Identifying the different types of bipolar disorder
Posted on Wednesday, 01 February 2023, in Bipolar Disorder
Bipolar disorder is a complex condition with several types, including Bipolar 1 and Bipolar 2. Despite its complexities, it is important to remember that each person's experience with bipolar disorder is unique. Symptoms can range from feeling highly energised and motivated to
feeling irritable and angry.
Bipolar 1 disorder
The defining characteristic of Bipolar 1 disorder is the occurrence of significant mood swings, which can involve periods of elation and low moods, including depression.
Bipolar 1 is also characterised by full manic episodes, defined as a period of elevated, expansive, or irritable mood lasting at least one week, accompanied by increased energy and activity. A manic episode may also include:
- High self-esteem
- Little need for sleep
- Fast speech
- Racing thoughts
- Easy distractibility
In addition to manic episodes, people with Bipolar 1 can also experience major depressive episodes. To diagnose major depression, the DSM-5 requires the presence of either a depressed mood or loss of interest or pleasure and four or more additional symptoms during the same two-week period. These symptoms may include significant weight changes, slowed thoughts and movement, fatigue, worthlessness or guilt, difficulty thinking or making decisions, suicidal thoughts, and changes in sleep patterns (insomnia or hypersomnia).
Observers should be able to notice physical symptoms such as decreased movements or agitation, not just the individual's self-reported feelings.
Bipolar 2 disorder
Diagnosing Bipolar 2 can sometimes be challenging as it may be mistaken for recurring depression due to the alternating experience of major depressive episodes and hypomania, a mild form of mania.
Hypomanic episodes typically last around four days, shorter than the manic episodes in Bipolar 1. During a hypomanic episode, symptoms are not severe enough to cause significant impairment in daily functioning and are not accompanied by psychotic symptoms.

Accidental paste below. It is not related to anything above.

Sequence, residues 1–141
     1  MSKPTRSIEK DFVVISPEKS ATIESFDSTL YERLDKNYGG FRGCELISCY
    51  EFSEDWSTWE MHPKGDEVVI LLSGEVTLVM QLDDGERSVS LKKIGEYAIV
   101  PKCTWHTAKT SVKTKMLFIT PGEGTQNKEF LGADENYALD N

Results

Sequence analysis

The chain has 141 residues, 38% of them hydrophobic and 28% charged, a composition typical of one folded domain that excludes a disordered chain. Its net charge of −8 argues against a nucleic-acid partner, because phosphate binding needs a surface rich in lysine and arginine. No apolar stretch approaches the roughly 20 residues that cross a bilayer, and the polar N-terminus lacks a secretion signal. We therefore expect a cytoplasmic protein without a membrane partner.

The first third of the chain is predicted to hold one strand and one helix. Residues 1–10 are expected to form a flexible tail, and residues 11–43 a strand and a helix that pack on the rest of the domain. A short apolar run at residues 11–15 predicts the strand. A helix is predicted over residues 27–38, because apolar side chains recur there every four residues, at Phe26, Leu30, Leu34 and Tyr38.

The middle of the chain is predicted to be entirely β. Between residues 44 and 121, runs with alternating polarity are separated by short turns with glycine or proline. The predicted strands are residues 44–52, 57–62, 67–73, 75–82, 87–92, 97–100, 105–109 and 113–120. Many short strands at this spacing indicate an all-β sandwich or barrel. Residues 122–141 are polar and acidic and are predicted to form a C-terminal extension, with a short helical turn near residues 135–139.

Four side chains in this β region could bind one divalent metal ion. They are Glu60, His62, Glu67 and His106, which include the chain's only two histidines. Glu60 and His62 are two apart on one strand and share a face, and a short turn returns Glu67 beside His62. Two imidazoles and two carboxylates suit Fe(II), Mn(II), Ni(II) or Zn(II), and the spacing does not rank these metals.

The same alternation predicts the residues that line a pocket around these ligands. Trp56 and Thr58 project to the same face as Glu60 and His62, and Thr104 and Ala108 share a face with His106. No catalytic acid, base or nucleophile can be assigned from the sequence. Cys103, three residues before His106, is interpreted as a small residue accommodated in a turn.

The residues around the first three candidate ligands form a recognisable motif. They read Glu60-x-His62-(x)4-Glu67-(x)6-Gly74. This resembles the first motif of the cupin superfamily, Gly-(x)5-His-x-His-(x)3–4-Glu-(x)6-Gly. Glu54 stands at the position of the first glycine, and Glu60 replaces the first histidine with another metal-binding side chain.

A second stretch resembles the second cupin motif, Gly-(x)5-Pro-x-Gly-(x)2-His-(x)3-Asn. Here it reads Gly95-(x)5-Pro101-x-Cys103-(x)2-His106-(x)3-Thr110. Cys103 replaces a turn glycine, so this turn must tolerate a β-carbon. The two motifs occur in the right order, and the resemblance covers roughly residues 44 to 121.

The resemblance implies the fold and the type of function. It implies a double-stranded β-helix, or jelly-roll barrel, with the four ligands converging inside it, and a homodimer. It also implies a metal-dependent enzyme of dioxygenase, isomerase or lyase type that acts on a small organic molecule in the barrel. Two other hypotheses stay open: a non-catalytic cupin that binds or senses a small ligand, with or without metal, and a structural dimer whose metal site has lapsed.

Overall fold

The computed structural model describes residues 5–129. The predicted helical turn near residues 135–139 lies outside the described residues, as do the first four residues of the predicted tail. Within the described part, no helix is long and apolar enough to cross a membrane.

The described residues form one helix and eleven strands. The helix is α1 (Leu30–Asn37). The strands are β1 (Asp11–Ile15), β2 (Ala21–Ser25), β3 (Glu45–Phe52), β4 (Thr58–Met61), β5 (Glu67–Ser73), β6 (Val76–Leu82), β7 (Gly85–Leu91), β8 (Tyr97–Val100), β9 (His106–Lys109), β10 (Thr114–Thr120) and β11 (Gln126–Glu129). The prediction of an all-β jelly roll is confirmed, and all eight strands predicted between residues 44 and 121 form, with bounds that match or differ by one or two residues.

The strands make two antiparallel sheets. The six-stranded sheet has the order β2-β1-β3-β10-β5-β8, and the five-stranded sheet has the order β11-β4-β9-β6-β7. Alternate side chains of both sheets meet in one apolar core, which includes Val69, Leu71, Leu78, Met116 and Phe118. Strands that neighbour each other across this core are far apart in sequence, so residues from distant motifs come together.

Substance/medication-induced bipolar disorder
Recent studies have revealed that some individuals undergoing antidepressant treatment, such as medication or electroconvulsive therapy, may develop manic or hypomanic episodes that persist beyond the effect of the treatment.
Illegal drugs like cocaine or amphetamines can also trigger medication-induced bipolar disorder. Symptoms may include elevated mood that persists even after the substance has cleared the body.
Diagnosing substance and medication-induced bipolar disorder is complex and requires a skilled psychiatrist. If you are experiencing negative reactions while taking medication, it's important to seek professional help promptly.
Dynamic bipolar with rapid cycles
This form of bipolar involves experiencing four or more episodes of mania, hypomania, or depression in a span of 12 months. The shifts from one mood to another or periods of remission lasting at least eight weeks separate these episodes.
Dynamic bipolar with rapid cycles affects many people and is more common in those with a long-standing bipolar history, early onset of the condition, heavy use of alcohol/illegal drugs, and a history of suicidal thoughts/attempts. The cause of rapid cycling remains uncertain, but factors such as antidepressant usage and hypothyroidism are known to contribute to its development.